|Publication number||US3737409 A|
|Publication date||Jun 5, 1973|
|Filing date||Mar 8, 1971|
|Priority date||Mar 8, 1971|
|Publication number||US 3737409 A, US 3737409A, US-A-3737409, US3737409 A, US3737409A|
|Original Assignee||Gen Electric|
|Export Citation||BiBTeX, EndNote, RefMan|
|Referenced by (47), Classifications (8)|
|External Links: USPTO, USPTO Assignment, Espacenet|
United States Patent ()flice 3,737,409 Patented June 5, 1973 COPOLYCARBONATE F BIS-3,5 DIMETHYL-4- HYDROXYPHENYL) SULFONE WITH BISPHE- NOL-A Daniel W. Fox, Pittsfield, Mass., assignor to General Electric Company No Drawing. Continuation-impart of application Ser. No.
7,978, Feb. 2, 1970, which is a continuation of application Ser. No. 622,074, Mar. 10, 1967, both now abandoned. This application Mar. 8, 1971, Ser. No. 122,165
Int. Cl. C08g 17/13 US. Cl. 26049 4 Claims ABSTRACT OF THE DISCLOSURE A copolymer of the reaction product of (1) bis-(3,5- dimethyl-4-hydroxyphenyl) sulfone, (2) 2,2-bis-(4-hydroxyphenyl) propane and (3) a carbonate precursor wherein the reaction mixture of 1) and (2) are initially 40-99 weight percent of (l) and correspondingly 60l weight percent of (2). In addition, this invention is directed to a high heat distortion, orientable textile fiber of the copolymer set forth above.
This application is a continuation-in-part of copending application Ser. No. 7,978, filed Feb. 2, 1970, which in turn is a continuation of application Ser. No. 622,074, filed Mar. 10, 1967, both now abandoned.
This invention relates to a copolymer of a particular sulfone material and an aromatic dihydric phenol. More specifically, it relates to a fiber prepared from the copolymer of the particular aromatic sulfone and the particular aromatic dihydric phenol.
Previously, it has been known to prepare aromatic carbonate homopolymer resin by reacting 2,2-bis-(4-hydroxyphenyl) propane with phosgene. The resulting polymer is known as a polycarbonate resin having excellent properties of high glass transition temperatures and high impact strength. However, the polycarbonate resin does not lend itself to be formed into a useful textile fiber. It does not crystallize readily enough or to a suflicient extent to gain dry cleaning solvent resistance. Additionally, it undergoes some hydrolytic degradation when washed in alkaline media and the stick temperature is too low for convenient ironing. Much development work has been directed toward inducing the requisite crystallinity in the polycarbonates in order to obtain the desired properties. This activity has only been partially successful. Therefore, it has been surprisingly discovered that by preparing a copolymer of 2,2-bis-(4-hydroxyphenyl) propane and a particular aromatic dihydric phenol sulfone, the copolymer lends itself very nicely to the preparation of textile fibers. In addition, the copolymer has an extremely high heat distortion temperature and melting point compared to that of an aromatic polycarbonate as described above. Further, the special copolymer of this invention exhibits a much higher degree of hydrolytic stability than the polycarbonates.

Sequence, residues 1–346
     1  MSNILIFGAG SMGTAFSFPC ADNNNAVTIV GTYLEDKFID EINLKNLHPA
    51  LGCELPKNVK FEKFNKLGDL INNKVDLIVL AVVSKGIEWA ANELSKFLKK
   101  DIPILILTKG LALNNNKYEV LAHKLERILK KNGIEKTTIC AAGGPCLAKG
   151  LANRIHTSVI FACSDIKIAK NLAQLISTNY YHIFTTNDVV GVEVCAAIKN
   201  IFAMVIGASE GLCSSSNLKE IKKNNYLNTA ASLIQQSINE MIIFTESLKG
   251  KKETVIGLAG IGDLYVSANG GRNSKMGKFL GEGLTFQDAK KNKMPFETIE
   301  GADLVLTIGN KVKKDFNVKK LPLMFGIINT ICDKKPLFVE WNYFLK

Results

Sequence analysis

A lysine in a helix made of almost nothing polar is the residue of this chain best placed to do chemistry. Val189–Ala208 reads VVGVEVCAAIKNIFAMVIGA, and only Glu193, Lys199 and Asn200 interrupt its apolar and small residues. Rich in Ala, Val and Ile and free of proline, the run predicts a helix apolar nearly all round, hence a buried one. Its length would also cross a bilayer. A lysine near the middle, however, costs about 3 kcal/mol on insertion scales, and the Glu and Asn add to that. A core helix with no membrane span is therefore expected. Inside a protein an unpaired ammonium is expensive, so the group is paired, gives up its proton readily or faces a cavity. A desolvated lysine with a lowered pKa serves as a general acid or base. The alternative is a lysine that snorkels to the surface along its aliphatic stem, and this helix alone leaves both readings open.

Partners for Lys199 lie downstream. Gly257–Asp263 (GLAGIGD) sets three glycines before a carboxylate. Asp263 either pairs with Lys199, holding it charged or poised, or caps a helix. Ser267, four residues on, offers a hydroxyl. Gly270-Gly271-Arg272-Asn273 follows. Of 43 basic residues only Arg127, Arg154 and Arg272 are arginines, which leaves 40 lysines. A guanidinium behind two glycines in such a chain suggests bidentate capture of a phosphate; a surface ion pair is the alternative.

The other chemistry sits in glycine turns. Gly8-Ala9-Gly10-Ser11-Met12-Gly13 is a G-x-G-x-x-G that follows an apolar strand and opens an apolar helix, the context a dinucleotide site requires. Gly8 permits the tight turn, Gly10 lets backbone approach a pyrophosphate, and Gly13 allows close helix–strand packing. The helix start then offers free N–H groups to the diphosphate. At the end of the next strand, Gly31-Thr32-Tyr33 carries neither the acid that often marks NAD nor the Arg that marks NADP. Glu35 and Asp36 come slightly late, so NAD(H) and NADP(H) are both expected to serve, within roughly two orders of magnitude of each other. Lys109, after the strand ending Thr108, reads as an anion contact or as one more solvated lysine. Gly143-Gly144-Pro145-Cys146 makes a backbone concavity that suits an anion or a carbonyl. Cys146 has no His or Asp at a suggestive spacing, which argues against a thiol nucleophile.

Therefore, it is an object of this invention to prepare a novel aromatic copolymer of a dihydric phenol and a particular aromatic dihydric phenol sulfone.
Yet another object of this invention is to prepare a textile fiber employing the copolymer herein disclosed.
Other objects of this invention and advantages thereof will become apparent from the following detailed description thereof.
Briefly, according to this invention, the foregoing and other objects are attained by reacting bis-(3,5-dimethyl-4- hydroxyphenyl) sulfone with another bisphenol 2,2-bis-(4- hydroxyphenyl) propane to form the copolymer thereof which can be used to prepare a high heat distortion polymer which may be converted into an orientable textile fiber. Heretofore, it has been known to prepare copolymers of a bisphenol and a dihydroxy diphenyl sulfone or to prepare homopolymers of a dihydroxy diphenyl sulfone. This has been described in US. Pat. 3,271,367. However, the particular sulfone employed in the practice of this invention has not been fully appreciated or disclosed by the above prior art. The particular sulfone employed in the practice of this invention to prepare the copolymer herein described is bis-(3,5-dimethyl-4-hydroxyphenyl) sulfone. The preparation of the homopolymer of the particular dihydroxy diphenyl sulfone resulted in a polymer which has a pronounced tendency to crystallize, could not be melted and could not be dissolved. Therefore, the homopolymer is, per se, not useful. However, when reacting the bis-(3,5-dirnethyl-4-hydroxyphenyl) sulfone even with minor amounts of a bisphenol such as 2,2-bis-(4-hydroxyphenyl) propane, useful polymers are formed having high heat distortion temperatures, high melting temperatures and greatly enhanced hydrolytic stability.
The following examples are set forth to illustrate more clearly the principle and practice of this invention to those skilled in the art. Unless otherwise specified, where parts are mentioned, they are parts by weight.